Using self-determination theory to understand motivation deficits in schizophrenia: The 'why' of motivated behavior

David E. Gard, Amy H. Sanchez, Jessica Starr, Shanna Cooper, Melissa Fisher, Abby Rowlands, Sophia Vinogradov

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44 Scopus citations


Self-Determination Theory (SDT) provides a model for understanding motivation deficits in schizophrenia, and recent research has focused on problems with intrinsic motivation. However, SDT emphasizes that motivated behavior results from three different factors: intrinsic motivators (facilitated by needs for autonomy, competency, and relatedness), extrinsic motivators (towards reward or away from punishment), or when intrinsic and extrinsic motivators are absent or thwarted a disconnect-disengagement occurs resulting in behavior driven by boredom or 'passing time'. Using a novel approach to Ecological Momentary Assessment, we assessed the degree to which people with schizophrenia were motivated by these factors relative to healthy control participants. Forty-seven people with and 41 people without schizophrenia were provided with cell phones and were called four times a day for one week. On each call participants were asked about their goals, and about the most important reason motivating each goal. All responses were coded by independent raters (blind to group and hypotheses) on all SDT motivating factors, and ratings were correlated to patient functioning and symptoms. We found that, relative to healthy participants, people with schizophrenia reported goals that were: 1) less motivated by filling autonomy and competency needs, but equivalently motivated by relatedness; 2) less extrinsically rewarding, but equivalently motivated by punishment; 3) more disconnected-disengaged. Higher disconnected-disengaged goals were significantly associated with higher negative symptoms and lower functioning. These findings indicate several important leverage points for behavioral treatments and suggest the need for vigorous psychosocial intervention focusing on autonomy, competence, and reward early in the course of illness.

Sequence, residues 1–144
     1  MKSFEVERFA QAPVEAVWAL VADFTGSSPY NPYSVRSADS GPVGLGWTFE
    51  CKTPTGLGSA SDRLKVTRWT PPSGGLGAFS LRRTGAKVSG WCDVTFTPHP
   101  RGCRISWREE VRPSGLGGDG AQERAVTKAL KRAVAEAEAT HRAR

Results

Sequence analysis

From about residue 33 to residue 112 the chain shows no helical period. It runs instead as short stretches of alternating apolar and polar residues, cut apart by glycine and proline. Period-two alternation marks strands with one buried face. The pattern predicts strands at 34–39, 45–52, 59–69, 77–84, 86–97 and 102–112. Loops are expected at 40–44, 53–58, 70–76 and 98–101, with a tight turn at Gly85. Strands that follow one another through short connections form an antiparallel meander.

Original languageEnglish (US)
Pages (from-to)217-222
Number of pages6
JournalSchizophrenia Research
Issue number2-3
StatePublished - Jul 2014

Bibliographical note

Funding Information:
The project described was supported by Award Number R21MH086801 from the National Institute of Mental Health. The content is solely the responsibility of the authors and does not necessarily represent the official views of the National Institute of Mental Health or the National Institutes of Health.


  • Amotivation
  • Avolition
  • Experience sampling method
  • Extrinsic motivation
  • Intrinsic motivation


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